Feminist writer Susan Faludi to discuss father's gender change

Coming to Milford Readers and Writers Festival: Gender and identity on her mind after macho, abusive dad becomes a transgender woman


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Photos



  • Susan Faludi (Photo by Sigrid Estrada)




  • Late afternoon coffee and cake: Stephánie at the Central Cafe in Budapest, 2010 (Photo provided)




  • Susan Faludi and her father, when he was Steven Faludi, in the family Ford convertible, Jackson Heights, Queens, 1961 (Photo provided)



Faludi approached her father’s transformation with the her Pulitzer Prize-winning journalistic skills, but she was also learning much more about herself and her family.


By Marilyn Rosenthal

— Imagine being a well-known feminist writer who rebelled against an abusive, sometimes violent macho father from whom she had been estranged for decades. Then imagine suddenly receiving an email from him saying, “I have decided that I have had enough of impersonating a macho aggressive man that I have never been inside.”

This is the way Faludi found out about her father’s gender reassignment surgery, when he was 76 years old. It's also the subject of her well-known book, "In the Darkroom," a Pulitzer Prize finalist and winner of the 2016 Kirkus Prize for non-fiction.

Faludi will be discussing this and the nature of gender and identity at the Milford Readers and Writers Festival at 10 a.m. on Saturday, Sept. 29, in conversation with Carol Jenkins, an Emmy-winning anchor and former correspondent for NBC- TV.

Faludi sees gender as being on a spectrum, and much more complicated than society’s expectations are. Her father’s transformation to transgender woman was an epiphany for her as both as a daughter and as a feminist writer and journalist. Faludi won a Pulitzer for Explanatory Journalism for a Wall Street Journal series about the social and human costs of the leveraged buyout of Safeway Stores.

She approached her father’s transformation with the same journalistic investigative skills, but she was also learning much more about herself and her family. She visited her father in Hungary to try to understand how Steven Faludi, the man who had abused and abandoned her family, became Stephánie Faludi. Steven Faludi was a Holocaust survivor who, as István Friedman, escaped Nazism in Hungary.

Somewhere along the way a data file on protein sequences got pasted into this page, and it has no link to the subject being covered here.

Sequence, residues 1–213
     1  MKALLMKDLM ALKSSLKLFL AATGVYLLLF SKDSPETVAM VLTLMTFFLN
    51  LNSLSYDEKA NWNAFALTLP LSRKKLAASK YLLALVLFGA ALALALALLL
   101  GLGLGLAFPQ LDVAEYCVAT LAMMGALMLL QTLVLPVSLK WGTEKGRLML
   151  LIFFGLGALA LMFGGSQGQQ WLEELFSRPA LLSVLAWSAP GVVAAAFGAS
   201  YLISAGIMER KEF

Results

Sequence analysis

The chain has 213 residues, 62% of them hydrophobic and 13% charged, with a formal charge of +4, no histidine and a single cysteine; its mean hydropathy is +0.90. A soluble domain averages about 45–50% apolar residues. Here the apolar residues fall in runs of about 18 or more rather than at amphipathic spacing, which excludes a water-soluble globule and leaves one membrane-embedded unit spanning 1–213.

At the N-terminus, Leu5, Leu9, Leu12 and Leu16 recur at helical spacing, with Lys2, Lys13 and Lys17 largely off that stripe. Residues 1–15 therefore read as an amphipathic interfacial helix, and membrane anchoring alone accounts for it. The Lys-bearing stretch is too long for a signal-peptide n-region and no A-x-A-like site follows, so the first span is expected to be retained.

Susan believes identity is somewhat shaped by external connections. She believes the psychic disturbance of the Holocaust had some influence on her father, but certainly not totally.

“It helps that I am a woman," Stephánie told her daughter. "I am accepted better now as a woman than I ever was as a man.”

June Cleaver, or Marilyn Monroe?At first, Stephánie approached being a woman with the same traditional view that she had lived as a macho man. She went through a Doris Day stage, a June Cleaver stage, and even flouncy Marilyn Monroe stage. But all that had mellowed into the older transgender woman she later became.

Susan was finally able to make peace with Stephi, who died in 2015. She writes about her father as “she” after the transformation, and as "he” before that time. It’s interesting that in Hungarian there are no pronouns distinguishing “he” from “she."

Susan Faludi’s writing of her experience of discovery is beautiful, moving, and courageous. To get a fuller picture of how she looks at gender and identity, it's also necessary to read her 1991 book "Backlash: The Undeclared War Against American Women." It won the National Book Critics Circle Award for general non-fiction and has become a classic feminist text. Feminists like Roxanne Gay and Jill Abramson applaud its relevance into the present day.

Faludi now teaches a course about women and journalism. She feels that younger feminists are fiercely fighting the good fight.

"In this era of Trump, women are keeping their eyes on the prize — to bring more woman into political office and to save their reproductive rights, among other issues," Faludi said.

In earlier days, the focus was on self-expression through personal identity and personal choice. Now, she says, "It’s time for women to set up their own thing and not have to go through the male assignment gate.”

For more about the Gender Identity panel and other events at the festival, visit milfordreadersandwriters.com.

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